United States Court of Appeals, Fifth CircuitJul 31, 1990
929 F.2d 1014 (5th Cir. 1990)

Cases citing this case

How cited

  • Rankin v. Klevenhagen

    …We hold that the district court erred in applying Hudson v. McMillian to the second prong of the bifurcated…

  • Hudson v. McMillian

    …No. 90-6531Argued November 13, 1991 Decided February 25, 1992Petitioner Hudson, a Louisiana prison inmate,…

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Summaries written by judges


  • applying Eighth Amendment excessive force standards announced in Huguet v. Barnett, 900 F.2d 838 (5th Cir. 1990), to incident which occurred in 1983

    Summary of this case from Rankin v. Klevenhagen

  • applying significant injury test under Eighth Amendment excessive force claim

    Summary of this case from Cox v. County of Suffolk

No. 87-3394. Summary Calendar.

July 31, 1990.

S. Dwayne Broussard, J. Marvin Montgomery, Asst. Atty. Gen., Baton Rouge, La., for defendants-appellants.

Keith J. Hudson, Angola, La., pro se.

Appeal from the United States District Court for the Middle District of Louisiana.

Before POLITZ, DAVIS, and BARKSDALE, Circuit Judges.

On appeal is a judgment rendered by a magistrate in favor of a prisoner who was physically mistreated by corrections officers. In light of the standards established by this court's intervening decision in Huguet v. Barnett, 900 F.2d 838 (5th Cir. 1990), and progeny, however, we must reverse.

Keith J. Hudson, a Louisiana state prisoner confined to Angola penitentiary invoked 42 U.S.C. § 1983 and sued corrections officers Jack McMillian, Marvin Woods, and Arthur Mezo. The parties consented to disposition of the case by a magistrate, 28 U.S.C. § 636(c). The evidence reflects that on October 30, 1983 Hudson got into an argument with McMillian who punched Hudson in the mouth, eyes, chest, and stomach while Woods held him. The blows cracked Hudson's partial dental plate, split his lower lip and loosened his teeth. He received bruises to his body but no other cuts. Woods kicked Hudson on his backside. Mezo, the supervisor of McMillian and Woods, watched the beating but merely cautioned the officers not to "have too much fun."

Hudson appeared at sick call on October 31 and November 1, 1983 with a dental complaint; his medical record contains no reference to facial bruises or other injuries.

In awarding Hudson a modest judgment the magistrate credited the testimony of Hudson, rejecting that of the officers, and concluded that "defendants Woods and McMillian used force on the plaintiff when there was no need. . . . the force used resulted in minor bruises and swelling to the plaintiff's face, mouth and lip. . . . [p]laintiff's injuries from the beating were minor and required no medical attention." Defendants timely appealed.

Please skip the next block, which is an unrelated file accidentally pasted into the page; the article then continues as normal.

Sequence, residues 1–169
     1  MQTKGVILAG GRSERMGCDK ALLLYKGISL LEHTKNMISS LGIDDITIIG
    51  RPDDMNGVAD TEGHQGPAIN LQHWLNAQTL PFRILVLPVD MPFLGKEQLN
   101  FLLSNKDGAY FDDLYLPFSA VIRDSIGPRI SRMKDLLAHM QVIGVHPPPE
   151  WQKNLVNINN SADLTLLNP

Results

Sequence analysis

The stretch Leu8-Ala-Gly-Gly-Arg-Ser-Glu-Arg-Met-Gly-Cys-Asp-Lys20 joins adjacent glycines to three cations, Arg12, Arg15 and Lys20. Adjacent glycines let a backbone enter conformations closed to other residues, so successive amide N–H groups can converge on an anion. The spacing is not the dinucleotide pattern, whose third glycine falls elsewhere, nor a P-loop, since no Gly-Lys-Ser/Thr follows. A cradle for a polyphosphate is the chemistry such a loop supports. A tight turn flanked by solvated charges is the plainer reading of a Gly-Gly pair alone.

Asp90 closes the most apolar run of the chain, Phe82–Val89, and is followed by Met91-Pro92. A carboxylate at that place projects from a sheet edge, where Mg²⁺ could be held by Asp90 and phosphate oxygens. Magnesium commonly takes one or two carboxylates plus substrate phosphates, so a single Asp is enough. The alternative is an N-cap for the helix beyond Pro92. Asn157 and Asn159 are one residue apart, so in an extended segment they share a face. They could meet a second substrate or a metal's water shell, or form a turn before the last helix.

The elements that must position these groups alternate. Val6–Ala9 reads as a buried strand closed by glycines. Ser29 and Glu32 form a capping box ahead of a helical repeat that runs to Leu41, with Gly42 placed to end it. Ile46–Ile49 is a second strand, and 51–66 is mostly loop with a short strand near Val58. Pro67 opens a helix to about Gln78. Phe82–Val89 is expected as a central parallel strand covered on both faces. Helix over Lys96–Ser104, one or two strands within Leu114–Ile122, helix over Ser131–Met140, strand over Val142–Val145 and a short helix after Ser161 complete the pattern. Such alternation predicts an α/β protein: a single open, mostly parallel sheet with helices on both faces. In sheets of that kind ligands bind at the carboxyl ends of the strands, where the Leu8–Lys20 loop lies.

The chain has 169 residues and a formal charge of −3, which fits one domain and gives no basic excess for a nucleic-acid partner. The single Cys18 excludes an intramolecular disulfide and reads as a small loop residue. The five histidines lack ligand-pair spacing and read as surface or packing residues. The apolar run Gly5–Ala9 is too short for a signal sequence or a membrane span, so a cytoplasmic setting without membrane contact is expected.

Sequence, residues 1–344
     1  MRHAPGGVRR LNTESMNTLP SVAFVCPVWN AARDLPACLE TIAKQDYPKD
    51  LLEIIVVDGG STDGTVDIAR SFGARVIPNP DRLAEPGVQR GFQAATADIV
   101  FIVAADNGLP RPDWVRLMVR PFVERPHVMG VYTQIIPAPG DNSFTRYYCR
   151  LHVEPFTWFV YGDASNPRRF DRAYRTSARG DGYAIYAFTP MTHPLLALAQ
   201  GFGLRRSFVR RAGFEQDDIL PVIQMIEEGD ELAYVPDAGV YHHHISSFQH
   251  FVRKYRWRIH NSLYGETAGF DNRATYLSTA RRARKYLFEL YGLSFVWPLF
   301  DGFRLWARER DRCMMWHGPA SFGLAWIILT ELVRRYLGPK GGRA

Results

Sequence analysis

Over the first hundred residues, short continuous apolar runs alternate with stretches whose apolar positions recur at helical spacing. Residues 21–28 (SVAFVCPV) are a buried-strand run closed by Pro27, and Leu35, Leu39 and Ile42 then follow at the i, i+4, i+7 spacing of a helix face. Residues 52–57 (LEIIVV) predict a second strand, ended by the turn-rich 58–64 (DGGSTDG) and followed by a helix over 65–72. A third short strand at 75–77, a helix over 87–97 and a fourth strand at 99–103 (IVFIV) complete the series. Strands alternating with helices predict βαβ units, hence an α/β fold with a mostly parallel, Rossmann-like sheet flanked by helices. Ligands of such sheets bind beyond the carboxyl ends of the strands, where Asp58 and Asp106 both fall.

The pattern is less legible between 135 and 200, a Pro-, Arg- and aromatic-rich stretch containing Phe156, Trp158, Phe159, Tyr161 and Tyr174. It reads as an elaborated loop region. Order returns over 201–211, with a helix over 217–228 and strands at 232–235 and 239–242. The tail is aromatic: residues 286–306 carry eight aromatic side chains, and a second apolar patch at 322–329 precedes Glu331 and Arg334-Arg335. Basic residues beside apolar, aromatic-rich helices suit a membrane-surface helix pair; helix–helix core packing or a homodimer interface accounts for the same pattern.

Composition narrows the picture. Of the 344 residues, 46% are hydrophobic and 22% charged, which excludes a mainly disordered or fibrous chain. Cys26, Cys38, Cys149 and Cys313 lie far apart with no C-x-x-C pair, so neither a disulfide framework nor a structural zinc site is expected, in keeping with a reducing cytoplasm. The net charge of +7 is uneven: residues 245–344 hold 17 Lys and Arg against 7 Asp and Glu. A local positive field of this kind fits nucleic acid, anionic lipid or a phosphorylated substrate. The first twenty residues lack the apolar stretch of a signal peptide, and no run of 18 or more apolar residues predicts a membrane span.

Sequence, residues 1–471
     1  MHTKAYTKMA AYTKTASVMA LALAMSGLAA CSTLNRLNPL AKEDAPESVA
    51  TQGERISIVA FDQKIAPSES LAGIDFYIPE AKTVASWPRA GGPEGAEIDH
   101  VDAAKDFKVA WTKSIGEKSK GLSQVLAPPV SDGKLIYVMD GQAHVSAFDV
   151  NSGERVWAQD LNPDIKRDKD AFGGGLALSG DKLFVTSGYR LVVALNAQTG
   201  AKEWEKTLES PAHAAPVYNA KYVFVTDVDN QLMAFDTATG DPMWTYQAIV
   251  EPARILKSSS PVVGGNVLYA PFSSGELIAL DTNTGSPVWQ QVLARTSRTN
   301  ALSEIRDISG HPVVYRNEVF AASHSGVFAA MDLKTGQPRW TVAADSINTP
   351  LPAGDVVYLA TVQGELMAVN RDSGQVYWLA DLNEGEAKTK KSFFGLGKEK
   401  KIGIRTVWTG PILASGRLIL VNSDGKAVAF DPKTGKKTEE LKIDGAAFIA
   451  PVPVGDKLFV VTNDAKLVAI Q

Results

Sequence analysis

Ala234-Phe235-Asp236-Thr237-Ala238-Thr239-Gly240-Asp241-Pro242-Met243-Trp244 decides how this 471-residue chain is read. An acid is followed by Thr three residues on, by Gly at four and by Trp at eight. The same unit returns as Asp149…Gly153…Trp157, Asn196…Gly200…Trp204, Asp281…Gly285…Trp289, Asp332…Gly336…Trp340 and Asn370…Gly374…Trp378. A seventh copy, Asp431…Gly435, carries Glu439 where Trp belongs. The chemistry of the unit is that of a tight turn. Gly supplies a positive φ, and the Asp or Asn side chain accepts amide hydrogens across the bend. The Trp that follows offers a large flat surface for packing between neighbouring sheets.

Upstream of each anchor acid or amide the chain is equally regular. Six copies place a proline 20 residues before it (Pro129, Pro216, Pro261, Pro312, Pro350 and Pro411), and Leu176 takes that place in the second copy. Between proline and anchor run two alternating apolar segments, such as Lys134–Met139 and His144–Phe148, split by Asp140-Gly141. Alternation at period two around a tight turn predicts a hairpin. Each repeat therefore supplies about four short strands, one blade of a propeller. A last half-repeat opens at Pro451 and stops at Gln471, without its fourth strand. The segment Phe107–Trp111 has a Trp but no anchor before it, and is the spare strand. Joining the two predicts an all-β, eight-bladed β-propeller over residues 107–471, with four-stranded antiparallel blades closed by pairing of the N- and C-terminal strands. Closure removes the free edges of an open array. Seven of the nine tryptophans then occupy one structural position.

This court joins the magistrate in deploring the use of unnecessary force in the treatment of prisoners. Hopefully someday this blight on our criminal justice system will be forever removed. However not every use of excessive force rises to a constitutional violation cognizable under 42 U.S.C. § 1983.

In our recent decision in Huguet v. Barnett we announced the standard to be applied in excessive force claims made by prisoners under the eighth amendment. We there held that to prevail in such a claim four elements must be proven:

1. a significant injury, which

2. resulted directly and only from the use of force that was clearly excessive to the need, the excessiveness of which was

3. objectively unreasonable, and

4. the action constituted an unnecessary and wanton infliction of pain.

If any one of these elements fails, so too does the plaintiff's claim.

900 F.2d at 841.

In the case at bar no force was required; therefore, the force used was objectively unreasonable. The conduct of McMillian and Woods qualified as clearly excessive and occasioned unnecessary and wanton infliction of pain. Hudson's claim, however, founders on the significant injury prong.

Huguet evolved from our en banc decision in Johnson v. Morel, 876 F.2d 477 (5th Cir. 1989), a fourth amendment excessive-force case. We there held that minor harms do not rise to constitutional proportions. In awarding recovery the magistrate characterized Hudson's injuries as "minor" and noted that they "required no medical attention." The injuries sustained by Hudson are not unlike those at issue in our recent decision in Wise v. Carlson, 902 F.2d 417 (5th Cir. 1990), which were held not to constitute a significant injury. In Wise the inmate sustained bruises to the anterior chest wall and right forearm and a hematoma to his right upper eyelid. The Wise case injuries were insufficient to base a section 1983 claim; Hudson's injuries are likewise insufficient.

For these reasons the judgment is REVERSED.

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